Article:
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Eastern Knowledge, Latin Letters

Posted On February 12, 2020 | 13:19 pm | by Julia Ostmann | Permalink
John Mulhall finds medieval translators who sought to remedy Latin deficiency with Greek and Arabic texts

John Mulhall, a PhD candidate in history at Harvard University, is a William R. Tyler fellow in Byzantine Studies. His recent research report, “Eastern Knowledge, Latin Letters: A Cultural History of the Medieval Translation Movement, ca. 1050–1350,” teased out the attitudes, motivations, and origins behind medieval translations of Greek and Arabic texts on subjects including medicine, philosophy, mathematics, and theology.


Q&A with John Mulhall 

What does Christopher Columbus reveal about the medieval translation movement?

People thought it was impossible to sail west from Europe to Asia: there was too much ocean. You’d die of starvation and thirst. We know from Christopher Columbus’s son and biographer that there was one source above all that convinced Columbus the journey was possible, a text by ninth-century Arab Muslim Al-Farghani.

Columbus actually misinterpreted Al-Farghani’s calculations, which some scholars think are off by less than 1% in estimating the actual size of the world. But it is striking to me that it was commonplace for someone like Columbus to take on authority this ninth-century Arab Muslim from Baghdad—a source that might seem odd to us, given the text was half a millennium old and written in another language. How did he even access this source at all?

The story of Columbus shows that the translation movement of Greek and Arabic texts in the twelfth and thirteenth centuries was still affecting science, exploration, and world-changing events like Columbus’s voyage centuries later. The medieval translation movement was the first large-scale effort to recover the science of antiquity. After the fall of the Roman empire, Latin became the sole language of education, so from the start of the seventh century through the late eleventh and early twelfth centuries, Western elites only had access to what was available in Latin. The translation movement introduced additions and, you could say, advancements not only from the Greek tradition but especially from the Arabic tradition. Many epoch-changing moments like Copernicus’s heliocentric revolution had Arabic science behind them.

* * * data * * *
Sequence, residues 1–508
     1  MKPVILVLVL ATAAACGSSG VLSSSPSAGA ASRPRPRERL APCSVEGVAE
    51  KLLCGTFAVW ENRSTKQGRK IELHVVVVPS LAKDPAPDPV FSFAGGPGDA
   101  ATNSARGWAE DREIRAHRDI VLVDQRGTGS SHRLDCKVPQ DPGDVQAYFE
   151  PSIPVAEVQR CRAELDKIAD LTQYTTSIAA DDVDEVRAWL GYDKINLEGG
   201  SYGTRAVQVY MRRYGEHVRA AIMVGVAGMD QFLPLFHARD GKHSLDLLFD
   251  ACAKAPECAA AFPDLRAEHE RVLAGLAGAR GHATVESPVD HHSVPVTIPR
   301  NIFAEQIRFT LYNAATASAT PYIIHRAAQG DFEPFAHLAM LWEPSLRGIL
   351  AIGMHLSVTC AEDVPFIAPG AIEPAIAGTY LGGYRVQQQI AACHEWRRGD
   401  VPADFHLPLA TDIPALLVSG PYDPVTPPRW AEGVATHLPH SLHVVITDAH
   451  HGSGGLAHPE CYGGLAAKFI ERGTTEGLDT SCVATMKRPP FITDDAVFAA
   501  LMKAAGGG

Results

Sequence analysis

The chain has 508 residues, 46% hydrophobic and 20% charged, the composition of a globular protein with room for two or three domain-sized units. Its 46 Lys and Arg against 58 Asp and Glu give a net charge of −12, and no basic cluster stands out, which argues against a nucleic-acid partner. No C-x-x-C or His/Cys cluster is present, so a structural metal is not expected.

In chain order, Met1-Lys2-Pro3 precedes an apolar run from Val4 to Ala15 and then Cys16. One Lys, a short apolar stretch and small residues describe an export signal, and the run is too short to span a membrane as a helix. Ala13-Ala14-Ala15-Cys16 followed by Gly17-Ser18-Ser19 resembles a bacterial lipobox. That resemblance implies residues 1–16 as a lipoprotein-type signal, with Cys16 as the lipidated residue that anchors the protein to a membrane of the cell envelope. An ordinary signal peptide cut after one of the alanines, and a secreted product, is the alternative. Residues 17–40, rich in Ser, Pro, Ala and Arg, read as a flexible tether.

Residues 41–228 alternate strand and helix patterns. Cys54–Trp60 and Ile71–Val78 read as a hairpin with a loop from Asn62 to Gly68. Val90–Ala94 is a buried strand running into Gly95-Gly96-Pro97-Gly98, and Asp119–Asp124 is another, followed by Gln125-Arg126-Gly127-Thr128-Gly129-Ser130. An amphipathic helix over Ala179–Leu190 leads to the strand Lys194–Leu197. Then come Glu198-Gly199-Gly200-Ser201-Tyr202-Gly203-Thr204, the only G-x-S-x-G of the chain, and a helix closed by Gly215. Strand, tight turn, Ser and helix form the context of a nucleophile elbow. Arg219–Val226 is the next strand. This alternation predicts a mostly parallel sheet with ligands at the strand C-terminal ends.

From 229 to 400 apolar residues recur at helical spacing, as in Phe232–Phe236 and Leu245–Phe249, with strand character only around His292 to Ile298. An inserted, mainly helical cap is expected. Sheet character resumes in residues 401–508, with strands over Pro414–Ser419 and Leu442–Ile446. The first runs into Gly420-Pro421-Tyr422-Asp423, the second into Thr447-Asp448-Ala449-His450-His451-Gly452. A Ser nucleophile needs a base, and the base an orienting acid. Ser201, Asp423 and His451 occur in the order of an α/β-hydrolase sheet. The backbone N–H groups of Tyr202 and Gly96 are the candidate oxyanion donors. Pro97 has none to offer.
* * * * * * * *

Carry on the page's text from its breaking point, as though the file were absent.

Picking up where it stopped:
What have you focused on while at Dumbarton Oaks?  

The first chapter of my dissertation looks at the origins of common attitudes in the medieval translation movement that people in the West had toward Greeks and Arabs. For example, many translators’ prefaces emphasize Latin intellectual deficiency and Greek and Arab intellectual superiority. These are Latins critiquing their own tradition. How can we make sense of these statements in the period of the Crusades? Where do these attitudes start?

If the twelfth century was a translation explosion all over the Mediterranean, then the late eleventh century was the spark. Translation activity was mostly circumscribed to southern Italy, and I focus on the two most prominent translators, Constantinus Africanus and Alfanus of Salerno. In their prefaces, is the Greek and Arabic tradition favorably contrasted to the Latin tradition?

My argument is that while we do see the idea that the Latin tradition is deficient compared to the Greek, in the eleventh century that idea has not been extended to Arabic. I argue that Latins in the eleventh century have no space yet to articulate or even stereotype Arabic intellectual achievement—you see just the very earliest hints that there is all this knowledge written in Arabic.

I have also benefited from the scholarly community here; you can come out of every lunchtime discussion with a new perspective on your own research. Last semester, I joined a Byzantine astronomy reading group with fellow Alberto Bardi, who taught us how to use the astronomical reading tables I encounter frequently in manuscripts compiling Latin translations of scientific texts. The tables are like paper-and-pencil calculators, embedded with complex mathematics that allow you to make easy calculations about where the sun or moon or any moving celestial object is going to be.


What is an example of one of these translated texts? How did translations spread?

One example is a medical collection called the Articella, which became the canon of introductory texts for all good, learned physicians. The texts include the Isagoge (“introduction” in Greek) by an Arab Christian named Hunayn ibn Ishaq, two works of Hippocrates, a work on pulses by Philaretus, and Theophilus writing on urine.

Although we are largely in the dark about how translated texts traveled, we have some hints. When people visited a monastery, they copied texts. Or people made requests and called in favors. For example, the famous theologian Anselm of Canterbury—considered one of the eleventh-century protoscholastics—wrote a letter to a fellow monk asking him to copy out one of the Articella texts. But, he wrote, if you don’t have time to copy everything, make sure you copy out any Greek glosses. So what he really wanted was this new Greek knowledge. 


Julia Ostmann is postgraduate writing and reporting fellow at Dumbarton Oaks. Photo by Elizabeth Muñoz Huber, postgraduate digital media fellow.